Stonehenge tunnel: full plans for two-mile underpass released

Proposal would see £1.6 billion tunnel alleviate congestion at historic bottleneck on A303

Highways England has published plans for a new two-mile-long tunnel that aims “to remove the A303 and its traffic from a large part of the Stonehenge landscape”.

The tunnel was first announced in September 2017, but full details of the proposed scheme have now been announced. If approved, the four-year construction of the 1.8-mile tunnel will begin in 2021 at a projected cost of £1.6 billion.

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The four-lane tunnel would be situated 100 meters south of the current site of the A303 by Stonehenge, bookended by a new eight-mile, dual-carriageway bypass built between Amesbury and Berwick Down.

The proposals include the construction of ‘green bridges’ that would “connect existing habitats and allow
 the movement of wildlife”, while the tunnel itself could feature eye-catching ventilation outlets. A 210-metre viaduct running over the river Till to the west of Stonehenge would also be built, along with a series of new junctions, roundabouts and cuttings.

Highways England faces a series of challenges in solving the traffic problems posed by A303 at Stonehenge, which sees around 30,000 vehicles a day snake along a single carriageway just 165 metres from one of the world’s best-known tourist attractions.

Those pressures must be balanced against historical interests, though, as 350 burial mounds and as-yet unearthed archeological discoveries are said to lie within the 6,500 acre World heritage Site.

To address such sensitivities, Highways England says some junctions will be “designed to avoid the need for lighting columns to minimise the effects of light pollution” along the route, for example. Those who celebrate the winter solstice at Stonehenge have also been considered, as the plans intend to “ensure there is no intrusion onto the alignment of the winter solstice viewed from Stonehenge.”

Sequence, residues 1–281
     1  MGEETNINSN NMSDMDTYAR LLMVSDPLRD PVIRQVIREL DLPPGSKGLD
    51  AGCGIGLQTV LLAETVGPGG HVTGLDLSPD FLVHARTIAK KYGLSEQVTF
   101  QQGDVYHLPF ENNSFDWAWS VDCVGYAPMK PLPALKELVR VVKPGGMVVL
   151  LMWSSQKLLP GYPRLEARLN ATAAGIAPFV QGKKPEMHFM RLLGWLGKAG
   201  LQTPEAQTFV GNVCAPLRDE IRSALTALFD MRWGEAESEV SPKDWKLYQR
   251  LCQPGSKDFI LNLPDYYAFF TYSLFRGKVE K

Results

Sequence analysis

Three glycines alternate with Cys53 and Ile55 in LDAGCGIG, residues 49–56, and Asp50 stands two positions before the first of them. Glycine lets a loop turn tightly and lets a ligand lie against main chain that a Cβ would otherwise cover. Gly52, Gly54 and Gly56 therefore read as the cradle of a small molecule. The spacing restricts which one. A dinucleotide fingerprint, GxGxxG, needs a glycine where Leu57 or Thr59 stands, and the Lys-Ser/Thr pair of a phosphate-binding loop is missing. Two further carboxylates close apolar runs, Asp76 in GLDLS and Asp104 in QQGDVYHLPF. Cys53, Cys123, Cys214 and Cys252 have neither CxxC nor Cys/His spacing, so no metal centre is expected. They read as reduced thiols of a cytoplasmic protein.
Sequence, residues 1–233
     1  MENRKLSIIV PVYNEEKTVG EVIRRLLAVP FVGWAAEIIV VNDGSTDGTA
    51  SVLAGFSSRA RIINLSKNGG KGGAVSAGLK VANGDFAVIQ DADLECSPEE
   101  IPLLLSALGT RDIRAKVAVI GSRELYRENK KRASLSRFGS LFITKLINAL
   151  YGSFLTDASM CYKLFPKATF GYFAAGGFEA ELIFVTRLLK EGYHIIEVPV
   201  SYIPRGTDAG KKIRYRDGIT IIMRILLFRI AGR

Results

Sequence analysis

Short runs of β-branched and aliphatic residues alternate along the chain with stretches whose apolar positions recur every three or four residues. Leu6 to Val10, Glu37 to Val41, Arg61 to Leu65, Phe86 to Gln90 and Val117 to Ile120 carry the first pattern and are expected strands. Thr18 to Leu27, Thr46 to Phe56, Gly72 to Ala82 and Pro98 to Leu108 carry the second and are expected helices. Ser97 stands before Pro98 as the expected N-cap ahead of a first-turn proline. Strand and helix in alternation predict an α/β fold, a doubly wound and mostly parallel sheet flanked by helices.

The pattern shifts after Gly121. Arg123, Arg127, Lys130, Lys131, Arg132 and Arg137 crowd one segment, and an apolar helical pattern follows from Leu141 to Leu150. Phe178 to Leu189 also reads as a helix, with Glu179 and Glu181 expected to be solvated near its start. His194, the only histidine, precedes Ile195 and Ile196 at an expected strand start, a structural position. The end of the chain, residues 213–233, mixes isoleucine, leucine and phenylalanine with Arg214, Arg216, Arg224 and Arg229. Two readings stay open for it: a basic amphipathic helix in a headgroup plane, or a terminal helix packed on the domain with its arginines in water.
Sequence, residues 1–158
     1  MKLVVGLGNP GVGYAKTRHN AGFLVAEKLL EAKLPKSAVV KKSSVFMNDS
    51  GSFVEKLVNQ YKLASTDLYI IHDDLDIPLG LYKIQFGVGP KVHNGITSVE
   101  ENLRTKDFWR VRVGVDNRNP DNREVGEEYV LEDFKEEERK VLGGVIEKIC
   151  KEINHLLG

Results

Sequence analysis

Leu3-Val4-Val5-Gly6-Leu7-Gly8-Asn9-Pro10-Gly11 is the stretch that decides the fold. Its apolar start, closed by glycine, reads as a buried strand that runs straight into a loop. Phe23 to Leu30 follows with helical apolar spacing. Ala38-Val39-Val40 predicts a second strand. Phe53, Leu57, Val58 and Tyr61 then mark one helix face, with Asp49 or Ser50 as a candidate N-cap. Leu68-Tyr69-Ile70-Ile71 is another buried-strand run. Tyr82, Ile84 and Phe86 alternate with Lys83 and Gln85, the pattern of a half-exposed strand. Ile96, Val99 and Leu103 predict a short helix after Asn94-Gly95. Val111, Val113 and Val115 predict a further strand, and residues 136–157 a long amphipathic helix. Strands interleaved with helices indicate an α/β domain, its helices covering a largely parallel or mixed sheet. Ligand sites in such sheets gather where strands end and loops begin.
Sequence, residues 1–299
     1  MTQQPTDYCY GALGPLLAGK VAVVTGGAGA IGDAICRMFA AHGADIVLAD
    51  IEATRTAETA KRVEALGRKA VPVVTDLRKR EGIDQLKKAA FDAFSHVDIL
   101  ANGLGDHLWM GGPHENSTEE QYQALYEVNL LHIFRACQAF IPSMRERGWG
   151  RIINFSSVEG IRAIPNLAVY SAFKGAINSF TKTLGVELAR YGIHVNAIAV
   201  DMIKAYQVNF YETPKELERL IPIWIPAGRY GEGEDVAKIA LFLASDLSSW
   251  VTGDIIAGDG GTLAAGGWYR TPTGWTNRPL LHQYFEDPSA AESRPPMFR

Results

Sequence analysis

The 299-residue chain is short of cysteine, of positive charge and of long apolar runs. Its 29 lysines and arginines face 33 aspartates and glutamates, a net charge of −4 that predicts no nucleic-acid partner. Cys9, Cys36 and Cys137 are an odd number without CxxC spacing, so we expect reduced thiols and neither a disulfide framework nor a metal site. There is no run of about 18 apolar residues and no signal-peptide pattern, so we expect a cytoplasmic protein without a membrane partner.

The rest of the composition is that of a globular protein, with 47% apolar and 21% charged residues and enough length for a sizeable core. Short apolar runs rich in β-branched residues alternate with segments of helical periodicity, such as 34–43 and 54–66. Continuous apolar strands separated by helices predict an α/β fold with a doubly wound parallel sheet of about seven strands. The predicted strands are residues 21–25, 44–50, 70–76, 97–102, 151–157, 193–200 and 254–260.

Even with such considerations included in the plans, heritage organisations have expressed concerns. English Heritage, Historic England and the National Trust released a joint response, saying they were concerned about the “detrimental impact of traffic” on the area.

The organisations continued: “This is a once-in-a-generation opportunity to reunite this ancient landscape, giving people the opportunity to tread pathways used by our ancestors who built the monuments, to visit and appreciate the monuments and see and hear wildlife without the intrusion of the traffic and noise.”

Derek Parody, Highways England’s project director for the scheme, said it would bring about a “reconnecting” of the stones with surrounding ancient monuments, and “help restore the natural setting and tranquility lost for generations” – though he went on to warn that there "are still important details for us to finalise before we submit our planning application to build the scheme.”

Transport Secretary Chris Grayling has previously said the tunnel would provide “quicker journey times, reduced congestion and cleaner air” for the area, and that the scheme “will benefit people locally and unlock growth in the tourism industry”. Grayling estimated 120,000 new jobs and 100,000 new homes would be supported by the scheme.

The Stonehenge consultation is open now, and closes on Friday 6 April.

Is the Stonehenge tunnel a good idea? Traffic jams are reportedly costing the UK over £37 billion a year...

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